Second, bringing previously orphaned children into our families through adoption helps fulfill one of God’s primary designs for marriage. In Malachi 2, God rebukes husbands for not being faithful to their wives: “[T]he LORD was witness between you and the wife of your youth, to whom you have been faithless, though she is your companion and your wife by covenant. Did he not make them one, with a portion of the Spirit in their union? And what was the one God seeking? Godly offspring. So guard yourselves in your spirit, and let none of you be faithless to the wife of your youth.” (emphasis added) Truly, children are a blessing from the Lord (Psalm 127) and the increase of godly offspring was one of God’s fundamental creation blessings: “Be fruitful and multiply.” (Genesis 1)
Third, adoption offers an unparalleled opportunity for life-on-life discipling relationship. The facilitation of life-on-life discipling relationships is a worthy organizing principle of orphan care. James probably had a more earthy view in mind when he wrote is “pure-religion” equation. Thus, we should be meeting felt needs. However, the fundamental affliction of an orphan is the same as every person – separation from and enmity towards God. The only remedy is the Gospel, passed on through relationships, like a virus. Of the four methods for facilitating these relationships (community mentoring, orphanage, foster care, and adoption), adoption offers the greatest opportunity for intensity and longevity. Parenting, whether beginning in biology or adoption, is a 24/7, life-long commitment.
Visiting the orphan in their affliction through meeting physical needs, community mentoring, orphanages, and foster care is good. But, the reality is that these children often remain legal orphans. Sometimes, this is the best that we can humanly do. However, when the opportunity to care for a fatherless child presents itself in the form of adoption, Christian families should leap at the opportunity to do for someone else what God did for us through Christ – not leave us as orphans. (John 14)
… until there are no more orphans.
Photo by Shootingsnow.
Black’s Law Dictionary defines adoption as “[t]he creation of a parent-child relationship by judicial order between two parties who usu[ally] are unrelated.”
This may seem obvious to you, Reader. However, what does the rest of the world think of when they hear the word “adoption?” If you just Google the word “adoption,” you might be more likely to get results for “pet adoption” or “dog adoption,” than anything to do with the “creation of a parent-child relationship.”
Now, as Christians, we know there is another layer to adoption. We know that God’s Plan A for rescuing the world from the reign of evil has a lot to do with adoption. Paul writes in Ephesians 1 that we were “predestined for adoption as sons through Jesus Christ.” John also describes our spiritual re-birth in terms of having “the right to become children of God.” Even the Israelites obtained their favored position through what Paul describes as “adoption” in Romans 9.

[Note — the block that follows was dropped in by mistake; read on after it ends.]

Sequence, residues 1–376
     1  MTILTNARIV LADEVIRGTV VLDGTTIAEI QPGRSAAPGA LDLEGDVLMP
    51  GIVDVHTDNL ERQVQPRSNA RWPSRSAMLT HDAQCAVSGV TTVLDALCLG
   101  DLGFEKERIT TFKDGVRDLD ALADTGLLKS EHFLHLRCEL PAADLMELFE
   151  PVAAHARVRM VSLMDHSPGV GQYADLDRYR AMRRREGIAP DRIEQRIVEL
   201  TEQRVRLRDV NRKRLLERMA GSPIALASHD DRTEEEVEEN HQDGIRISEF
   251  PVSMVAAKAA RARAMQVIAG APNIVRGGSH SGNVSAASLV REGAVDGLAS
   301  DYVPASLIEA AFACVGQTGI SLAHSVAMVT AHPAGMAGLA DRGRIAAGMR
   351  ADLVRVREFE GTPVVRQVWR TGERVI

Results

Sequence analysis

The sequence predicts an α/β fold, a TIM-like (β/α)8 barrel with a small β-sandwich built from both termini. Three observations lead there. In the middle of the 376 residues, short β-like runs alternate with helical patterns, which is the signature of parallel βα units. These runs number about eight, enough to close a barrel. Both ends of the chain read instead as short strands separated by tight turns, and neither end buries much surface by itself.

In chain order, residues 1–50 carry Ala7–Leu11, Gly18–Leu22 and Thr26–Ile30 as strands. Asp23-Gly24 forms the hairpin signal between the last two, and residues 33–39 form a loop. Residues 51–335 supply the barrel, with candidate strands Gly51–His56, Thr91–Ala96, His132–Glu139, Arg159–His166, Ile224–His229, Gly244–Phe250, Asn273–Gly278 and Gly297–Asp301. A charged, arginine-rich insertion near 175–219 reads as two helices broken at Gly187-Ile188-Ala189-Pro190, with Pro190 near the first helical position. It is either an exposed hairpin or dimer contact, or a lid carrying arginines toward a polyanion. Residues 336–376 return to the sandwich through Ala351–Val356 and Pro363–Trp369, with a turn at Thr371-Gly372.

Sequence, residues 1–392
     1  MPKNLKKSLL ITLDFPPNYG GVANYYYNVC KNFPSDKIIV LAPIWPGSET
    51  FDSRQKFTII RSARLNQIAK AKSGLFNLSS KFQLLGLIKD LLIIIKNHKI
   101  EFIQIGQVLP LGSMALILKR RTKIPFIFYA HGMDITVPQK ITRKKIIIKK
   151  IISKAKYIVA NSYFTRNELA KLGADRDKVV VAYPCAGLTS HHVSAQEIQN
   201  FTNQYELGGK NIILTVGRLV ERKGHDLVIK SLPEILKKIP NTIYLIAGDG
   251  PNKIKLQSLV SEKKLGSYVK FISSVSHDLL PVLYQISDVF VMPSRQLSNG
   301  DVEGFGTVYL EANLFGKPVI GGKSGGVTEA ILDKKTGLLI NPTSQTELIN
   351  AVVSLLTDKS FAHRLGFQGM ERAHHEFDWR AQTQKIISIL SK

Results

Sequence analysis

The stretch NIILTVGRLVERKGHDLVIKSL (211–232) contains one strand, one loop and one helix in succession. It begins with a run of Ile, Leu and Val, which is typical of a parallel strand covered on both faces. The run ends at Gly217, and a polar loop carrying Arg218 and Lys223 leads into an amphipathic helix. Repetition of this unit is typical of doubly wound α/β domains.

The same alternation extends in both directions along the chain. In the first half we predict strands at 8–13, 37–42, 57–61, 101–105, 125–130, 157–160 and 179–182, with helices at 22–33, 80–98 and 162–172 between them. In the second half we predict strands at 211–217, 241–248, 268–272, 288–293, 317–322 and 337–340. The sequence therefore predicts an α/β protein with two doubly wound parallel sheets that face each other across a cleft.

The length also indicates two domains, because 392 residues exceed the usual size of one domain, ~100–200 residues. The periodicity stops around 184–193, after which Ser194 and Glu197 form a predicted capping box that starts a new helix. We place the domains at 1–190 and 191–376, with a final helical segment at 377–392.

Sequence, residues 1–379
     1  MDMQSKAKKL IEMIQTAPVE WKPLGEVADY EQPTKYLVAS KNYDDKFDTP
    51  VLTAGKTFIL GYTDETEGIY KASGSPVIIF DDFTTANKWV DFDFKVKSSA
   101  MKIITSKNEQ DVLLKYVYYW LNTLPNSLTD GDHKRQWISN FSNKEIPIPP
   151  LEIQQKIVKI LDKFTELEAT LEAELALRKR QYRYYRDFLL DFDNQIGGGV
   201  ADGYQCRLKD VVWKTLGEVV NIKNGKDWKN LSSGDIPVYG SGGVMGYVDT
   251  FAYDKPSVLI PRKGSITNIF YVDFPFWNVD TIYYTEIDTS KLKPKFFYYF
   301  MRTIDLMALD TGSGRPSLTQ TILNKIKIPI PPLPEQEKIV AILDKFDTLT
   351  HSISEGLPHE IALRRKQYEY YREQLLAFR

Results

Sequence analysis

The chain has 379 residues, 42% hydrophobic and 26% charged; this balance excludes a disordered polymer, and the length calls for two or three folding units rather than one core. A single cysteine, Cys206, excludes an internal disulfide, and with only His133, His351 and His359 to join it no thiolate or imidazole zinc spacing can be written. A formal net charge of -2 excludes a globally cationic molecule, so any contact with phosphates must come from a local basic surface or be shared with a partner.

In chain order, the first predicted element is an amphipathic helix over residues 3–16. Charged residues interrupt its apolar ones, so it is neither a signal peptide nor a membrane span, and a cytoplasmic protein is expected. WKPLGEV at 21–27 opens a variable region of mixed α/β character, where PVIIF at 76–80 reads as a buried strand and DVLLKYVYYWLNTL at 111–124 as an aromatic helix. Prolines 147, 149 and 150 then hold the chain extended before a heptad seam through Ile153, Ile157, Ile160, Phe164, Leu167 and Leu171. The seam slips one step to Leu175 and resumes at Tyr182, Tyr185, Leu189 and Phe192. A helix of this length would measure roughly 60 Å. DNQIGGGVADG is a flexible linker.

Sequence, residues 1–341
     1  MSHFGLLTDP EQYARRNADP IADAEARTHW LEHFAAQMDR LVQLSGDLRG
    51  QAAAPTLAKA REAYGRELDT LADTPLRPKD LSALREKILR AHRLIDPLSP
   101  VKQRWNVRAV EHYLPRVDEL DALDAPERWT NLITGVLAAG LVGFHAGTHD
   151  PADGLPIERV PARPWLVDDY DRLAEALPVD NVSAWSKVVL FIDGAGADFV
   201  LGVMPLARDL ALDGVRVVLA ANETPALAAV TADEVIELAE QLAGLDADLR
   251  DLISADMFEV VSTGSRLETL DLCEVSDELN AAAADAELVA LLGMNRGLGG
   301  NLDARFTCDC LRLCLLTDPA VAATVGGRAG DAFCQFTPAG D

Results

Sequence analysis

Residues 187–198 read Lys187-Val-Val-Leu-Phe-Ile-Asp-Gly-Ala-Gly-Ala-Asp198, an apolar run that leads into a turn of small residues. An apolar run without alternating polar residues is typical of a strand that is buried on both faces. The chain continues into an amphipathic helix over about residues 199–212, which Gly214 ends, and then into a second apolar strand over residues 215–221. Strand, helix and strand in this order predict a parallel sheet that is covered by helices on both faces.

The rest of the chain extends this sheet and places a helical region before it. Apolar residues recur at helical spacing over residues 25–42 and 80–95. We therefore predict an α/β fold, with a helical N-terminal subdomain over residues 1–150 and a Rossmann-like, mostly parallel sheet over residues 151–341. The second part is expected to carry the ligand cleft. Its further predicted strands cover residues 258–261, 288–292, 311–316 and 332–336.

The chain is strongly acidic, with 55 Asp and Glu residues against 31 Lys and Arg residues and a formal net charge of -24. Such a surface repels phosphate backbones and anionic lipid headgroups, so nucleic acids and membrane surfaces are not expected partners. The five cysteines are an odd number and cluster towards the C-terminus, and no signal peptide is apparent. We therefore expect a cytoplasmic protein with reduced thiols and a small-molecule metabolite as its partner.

What we have to conclude from this is that there is only one man who can claim a right to be in God’s family by “blood.” That is God’s Son, Jesus. The rest of us, all those who have obtained the heavenly inheritance, who have not been left “as orphans” (John 14:18) … the rest of us have gained our standing as sons of God through adoption.
So then, we have a horizontal and a vertical adoption. It is from our vertical adoption into God’s family that we gain vision to bring former orphans into our families through horizontal adoption.
Photo by Melvin Schlubman.
Congratulations to our Founder, Sam McLure, on the publication of his new book, The End of Orphan Care. Now available through Amazon on Paperback and Kindle.
The Know More Orphans Intensive will be held later this month, on Saturday February 28th, at the Grace Life Baptist Church in Bessemer, Alabama. Topics covered will include:
– Pre-Adoption: Beginning the Adoption Journey
– Special Needs Adoption
– The Changing Tide of International Adoption
– Adoptive and Foster Fathers: Are You Leading or Along for the Ride?
– Older Child Adoption – Do You Have What It Takes?
– Developing Ministries for Adoption, Foster Care, Orphan Care
– Attachment 101: How to Understand Kids From Hard Places
– Connecting While Correcting: The Art of Relationships
– Foster Care: An Overview
– Sibling Attachment in Foster Care and Adoption
The Know More Orphans website also says that: “This conference is intended for anyone who is interested in serving vulnerable and orphaned children. If you are a foster parent, adoptive parent, orphan advocate, social worker, community or church leader please make plans to join us.”
We will definitely be there – and we hope to see you there, too!